Right Bronchus
  1. Wider
  2.  More vertical
  3. Shorter (2.5 cm)
  4. Supported by C shaped cartilages
  5. 20 to 30 degree angle
Left Bronchus    
  1. Narrower
  2. More angular
  3. Longer (5cm)
  4. Supported by C shaped cartilages
  5. 40 to 60 degree angle

Table 1[6]

Bronchioles[edit | edit source]

Bronchioles arise from segmental bronchi and represent the smaller branches of the bronchial tree. They differ histologically from bronchi as they lack C shaped cartilages in their walls.[8]

Bronchioles initially divide into many generations of conducting bronchioles which eventually divide further into terminal bronchioles which further divide into respiratory bronchioles.

Conducting bronchioles (part of conducting zone)

  • Segmental bronchi give rise to 20 to 25 generations of conducting bronchioles that further divide to terminal bronchioles.
  • Function - as part of the conducting system they allow air to travel from the trachea to alveoli where gas exchange occurs.

Terminal bronchioles (part of conducting zone)

  • Represent the last part of the conducting part of the bronchial tree and give rise to several generations of respiratory bronchioles
  • Function - as part of the conducting system they allow air to travel from the trachea to alveoli where gas exchange occurs.[6]

Respiratory bronchioles ( part of respiratory zone)

  • Distinguishable to other types of bronchioles by the presence of alveoli extending from their lumens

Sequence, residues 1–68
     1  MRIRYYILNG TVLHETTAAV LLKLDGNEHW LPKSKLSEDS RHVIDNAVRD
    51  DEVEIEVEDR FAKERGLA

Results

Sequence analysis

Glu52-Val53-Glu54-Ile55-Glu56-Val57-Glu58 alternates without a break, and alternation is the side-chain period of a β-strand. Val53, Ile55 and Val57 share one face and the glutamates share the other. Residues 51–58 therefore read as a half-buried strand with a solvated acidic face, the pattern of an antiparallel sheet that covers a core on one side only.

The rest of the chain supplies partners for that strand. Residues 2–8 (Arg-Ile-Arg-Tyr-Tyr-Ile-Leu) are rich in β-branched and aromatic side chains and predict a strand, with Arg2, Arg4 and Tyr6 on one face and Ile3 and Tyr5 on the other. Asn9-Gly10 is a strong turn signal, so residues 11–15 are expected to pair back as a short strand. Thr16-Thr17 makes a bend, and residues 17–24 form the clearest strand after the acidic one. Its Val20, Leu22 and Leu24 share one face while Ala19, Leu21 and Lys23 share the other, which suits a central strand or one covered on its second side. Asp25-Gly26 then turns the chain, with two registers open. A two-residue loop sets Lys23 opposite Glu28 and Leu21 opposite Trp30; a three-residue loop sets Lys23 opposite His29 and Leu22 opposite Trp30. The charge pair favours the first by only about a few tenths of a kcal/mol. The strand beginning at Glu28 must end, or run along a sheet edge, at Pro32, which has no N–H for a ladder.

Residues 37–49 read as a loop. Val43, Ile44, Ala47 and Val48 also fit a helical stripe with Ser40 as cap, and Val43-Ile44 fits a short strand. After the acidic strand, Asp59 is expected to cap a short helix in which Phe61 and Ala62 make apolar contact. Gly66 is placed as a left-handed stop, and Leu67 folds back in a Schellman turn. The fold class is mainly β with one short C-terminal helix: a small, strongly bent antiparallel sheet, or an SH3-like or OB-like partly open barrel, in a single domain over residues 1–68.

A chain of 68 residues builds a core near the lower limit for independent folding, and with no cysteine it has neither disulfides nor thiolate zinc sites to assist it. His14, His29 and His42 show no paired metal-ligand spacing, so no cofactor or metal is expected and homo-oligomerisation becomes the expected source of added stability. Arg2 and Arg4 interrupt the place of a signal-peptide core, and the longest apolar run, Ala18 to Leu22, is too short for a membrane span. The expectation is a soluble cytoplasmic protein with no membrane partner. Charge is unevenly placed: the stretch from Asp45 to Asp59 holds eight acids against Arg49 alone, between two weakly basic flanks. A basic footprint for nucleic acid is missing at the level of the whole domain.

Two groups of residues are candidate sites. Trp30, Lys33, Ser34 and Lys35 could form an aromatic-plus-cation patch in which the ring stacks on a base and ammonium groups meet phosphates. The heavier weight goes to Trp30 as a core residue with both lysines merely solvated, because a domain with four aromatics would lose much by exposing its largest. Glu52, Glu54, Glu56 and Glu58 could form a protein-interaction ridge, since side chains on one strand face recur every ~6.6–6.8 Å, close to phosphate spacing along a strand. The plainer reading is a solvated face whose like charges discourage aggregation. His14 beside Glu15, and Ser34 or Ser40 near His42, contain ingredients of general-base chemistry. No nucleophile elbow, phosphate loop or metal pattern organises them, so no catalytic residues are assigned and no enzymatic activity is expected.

• Function - represent the first part of the respiratory airways where they facilitate gas exchange[6]

Gas exchange occurs in the respiratory bronchioles, alveolar ducts and alveoli, which collectively form the respiratory zones deep in the lungs.


Clinical relevance[edit | edit source]

Physiotherapy plays an important role in most respiratory conditions like asthma , COPD, cystic fibrosis and others. A group of techniques such as active cycles of breathing, huffing, autogenic drainage, coughing, and forced expiratory can be used by physiotherapists to help remove extra mucus from tracheobronchial secretions. Thick or excessive secretions produced by respiratory disorders may become accumulated and as a result may develop bronchial infections. The role of physiotherapy is minimising the symptoms and educating people who have respiratory diseases on how to self manage their symptoms and prevent further complications.

References[edit | edit source]

  1. 1.0 1.1 1.2 1.3 Downey RP, Samra NS. Anatomy, Thorax, Tracheobronchial Tree. InStatPearls [Internet] 2020 Jul 31. StatPearls Publishing.
  2. Gauthier SP, Wolfson MR, Deoras KS, Shaffer TH. Structure-function of airway generations 0 to 4 in the preterm lamb. Pediatric research. 1992 Feb;31(2):157-62.
  3. Patwa A, Shah A. Anatomy and physiology of respiratory system relevant to anaesthesia. Indian journal of anaesthesia. 2015 Sep;59(9):533.
  4. Brand-Saberi BE, Schäfer T. Trachea: anatomy and physiology. Thoracic surgery clinics. 2014 Feb 1;24(1):1-5.
  5. 5.0 5.1 5.2 Mieczkowski B, Seavey BF. Anatomy, Head and Neck, Trachea.
  6. 6.0 6.1 6.2 6.3 6.4 Clinically Oriented Anatomy, Keith L. Moore, Arthur F. Dalley, Anne M. R. Agur, Philadelphia, United States
  7. Eleanor Main & Linda Denehy, Cardiorespiratory Physiotherapy: Adults and paediatrics, 5th Edition
  8. Amador C, Weber C, Varacallo M. Anatomy, thorax, bronchial. InStatPearls [Internet] 2021 Aug 11. StatPearls Publishing. BibTeXEndNoteRefManRefWorks
  9. Meditay.Trachea, Bronchial Tree and Alveolar Tree (Parts, Structures and Walls) - Anatomy Available from: